On a conference call with investors, Uber CEO Dara Khosrowshahi said Uber will turn its losses into a profit by the end of 2020, ahead of its prior target of 2021.
“Our progress in 2019 and our 2020 plans give me the confidence to challenge our teams to accelerate our EBITDA profitability target from full-year 2021 to Q4 2020,” Khosrowshahi said.
Uber has been focused on cost-cutting measures over the past several months in a bid to shrink its losses and become profitable. The measures have included multiple rounds of layoffs, and the recent sale of Uber Eats in India to local food delivery competitor Zomato.
The stock gained 7.31% to $39.80 in premarket trading.
4. -- Activision's Earnings Beat Led by 'Call of Duty'
Activision Blizzard (ATVI) - Get Report was up 2.06% yo $61.50 in premarket trading after the maker of videogames reported fourth-quarter earnings and revenue ahead of analysts' estimates and healthy first-quarter guidance.
The company reported earnings in the period of $1.23 a share on revenue of $2.71 billion. Analysts were expecting Activision to report earnings of $1.19 on revenue of $2.67 billion.
The company’s "Call of Duty" first-person shooting game once again was the crown jewel of the holiday season, generating more upfront console sales than any other franchise worldwide. That is the 10th time in the last 11 years "Call of Duty" achieved that status.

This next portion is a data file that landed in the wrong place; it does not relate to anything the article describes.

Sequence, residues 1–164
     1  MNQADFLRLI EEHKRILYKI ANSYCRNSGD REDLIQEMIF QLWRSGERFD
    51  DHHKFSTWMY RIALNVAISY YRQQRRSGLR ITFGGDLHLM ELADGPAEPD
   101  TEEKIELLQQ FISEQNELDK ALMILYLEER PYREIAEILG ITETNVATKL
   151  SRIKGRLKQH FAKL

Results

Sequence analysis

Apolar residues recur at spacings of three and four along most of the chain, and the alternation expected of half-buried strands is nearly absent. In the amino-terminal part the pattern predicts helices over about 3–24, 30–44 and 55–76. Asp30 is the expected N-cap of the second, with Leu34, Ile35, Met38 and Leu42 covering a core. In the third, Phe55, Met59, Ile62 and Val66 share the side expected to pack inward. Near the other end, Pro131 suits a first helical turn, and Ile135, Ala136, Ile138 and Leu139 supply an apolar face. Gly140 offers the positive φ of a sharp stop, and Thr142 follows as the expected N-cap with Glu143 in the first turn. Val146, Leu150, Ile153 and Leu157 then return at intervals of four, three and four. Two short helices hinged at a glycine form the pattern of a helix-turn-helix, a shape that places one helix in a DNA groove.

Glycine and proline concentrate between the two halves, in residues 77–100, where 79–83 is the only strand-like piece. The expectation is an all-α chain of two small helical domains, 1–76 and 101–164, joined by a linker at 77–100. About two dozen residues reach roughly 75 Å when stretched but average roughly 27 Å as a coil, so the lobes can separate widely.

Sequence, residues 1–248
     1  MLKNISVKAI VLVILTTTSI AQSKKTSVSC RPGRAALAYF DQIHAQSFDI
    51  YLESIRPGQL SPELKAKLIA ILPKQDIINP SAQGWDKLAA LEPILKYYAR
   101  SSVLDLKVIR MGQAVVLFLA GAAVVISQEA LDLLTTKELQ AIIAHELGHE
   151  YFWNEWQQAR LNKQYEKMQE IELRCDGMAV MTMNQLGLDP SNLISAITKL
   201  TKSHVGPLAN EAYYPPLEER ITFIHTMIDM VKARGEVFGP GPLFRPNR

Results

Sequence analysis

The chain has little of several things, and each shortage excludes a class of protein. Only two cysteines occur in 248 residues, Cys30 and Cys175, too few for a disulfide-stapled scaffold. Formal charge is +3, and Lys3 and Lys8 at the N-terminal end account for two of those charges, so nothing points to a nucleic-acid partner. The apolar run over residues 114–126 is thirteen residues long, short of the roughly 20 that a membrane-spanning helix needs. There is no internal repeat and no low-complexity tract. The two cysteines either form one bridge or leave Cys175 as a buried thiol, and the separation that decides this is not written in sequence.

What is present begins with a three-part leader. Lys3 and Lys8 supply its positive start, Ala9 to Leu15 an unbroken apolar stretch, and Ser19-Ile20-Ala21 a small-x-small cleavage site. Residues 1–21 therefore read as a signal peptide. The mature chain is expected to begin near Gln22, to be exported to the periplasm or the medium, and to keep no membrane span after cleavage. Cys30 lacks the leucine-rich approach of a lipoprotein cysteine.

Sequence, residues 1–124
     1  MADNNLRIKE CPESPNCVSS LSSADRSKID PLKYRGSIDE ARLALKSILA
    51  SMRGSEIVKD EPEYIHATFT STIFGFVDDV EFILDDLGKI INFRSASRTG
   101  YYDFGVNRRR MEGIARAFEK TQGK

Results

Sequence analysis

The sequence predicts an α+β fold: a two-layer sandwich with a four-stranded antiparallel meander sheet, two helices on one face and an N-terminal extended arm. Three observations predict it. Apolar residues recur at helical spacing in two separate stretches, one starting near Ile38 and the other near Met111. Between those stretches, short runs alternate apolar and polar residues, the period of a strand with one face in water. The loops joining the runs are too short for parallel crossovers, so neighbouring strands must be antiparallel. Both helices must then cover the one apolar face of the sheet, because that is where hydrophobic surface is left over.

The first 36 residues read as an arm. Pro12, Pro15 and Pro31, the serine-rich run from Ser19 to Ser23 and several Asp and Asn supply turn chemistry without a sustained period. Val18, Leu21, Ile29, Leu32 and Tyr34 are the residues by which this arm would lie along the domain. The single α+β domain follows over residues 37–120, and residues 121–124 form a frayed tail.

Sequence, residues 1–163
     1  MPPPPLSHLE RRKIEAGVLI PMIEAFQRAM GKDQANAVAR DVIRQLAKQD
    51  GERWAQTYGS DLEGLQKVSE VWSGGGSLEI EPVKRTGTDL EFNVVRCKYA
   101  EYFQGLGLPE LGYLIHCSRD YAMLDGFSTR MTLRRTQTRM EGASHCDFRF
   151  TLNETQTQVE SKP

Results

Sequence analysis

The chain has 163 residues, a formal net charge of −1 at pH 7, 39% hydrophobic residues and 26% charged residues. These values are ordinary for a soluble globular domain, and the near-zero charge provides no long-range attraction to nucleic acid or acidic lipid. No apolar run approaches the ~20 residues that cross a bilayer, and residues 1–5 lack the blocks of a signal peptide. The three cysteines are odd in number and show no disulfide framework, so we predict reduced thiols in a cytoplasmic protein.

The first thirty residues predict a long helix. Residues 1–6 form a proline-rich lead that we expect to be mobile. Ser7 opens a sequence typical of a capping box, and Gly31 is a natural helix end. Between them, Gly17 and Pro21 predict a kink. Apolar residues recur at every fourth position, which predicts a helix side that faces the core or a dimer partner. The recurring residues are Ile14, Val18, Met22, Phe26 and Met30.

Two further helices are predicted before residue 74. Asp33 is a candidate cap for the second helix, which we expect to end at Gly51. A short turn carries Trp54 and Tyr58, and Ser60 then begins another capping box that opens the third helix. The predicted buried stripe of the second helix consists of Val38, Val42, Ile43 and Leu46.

For the first quarter, the company said it expects to earn 66 cents a share on revenue of $1.64 billion, beating analysts' forecast on both metrics. However, earnings for the full year and net bookings were forecast below consensus expectations.
"All in, while we would never say to ignore guidance, we believe that in the case of Activision Blizzard, given management's well-known tendency to be conservative - which makes the first-quarter guide all the more impressive - it is more important to consider the underlying trends of the business," wrote Jim Cramer and the Action Alerts PLUS team, which holds Activision in its portfolio. "When we come at it from this angle, we are increasingly bullish as management has now firmly demonstrated its ability to reach a wider audience - and therefore increase monetization opportunities - by expanding already existing intellectual property to the mobile platform."
5. -- 'Friends' Cast Nears Deal for Reunion Special
Warner Bros. is finalizing agreements with the cast of “Friends” for a reunion special that likely will be used to launch the HBO Max streaming service this spring, The Wall Street Journal reported, citing people familiar with the matter.
Each of the six stars of “Friends” is expected to receive between $2.25 million and $2.5 million for the show, a person with knowledge of the negotiations told the Journal.
The cast initially was offered $1 million for the special but they balked, said a person close to the cast, the Journal reported.
The special isn’t a new episode of the sitcom but rather a retrospective and interviews with the "Friends" cast.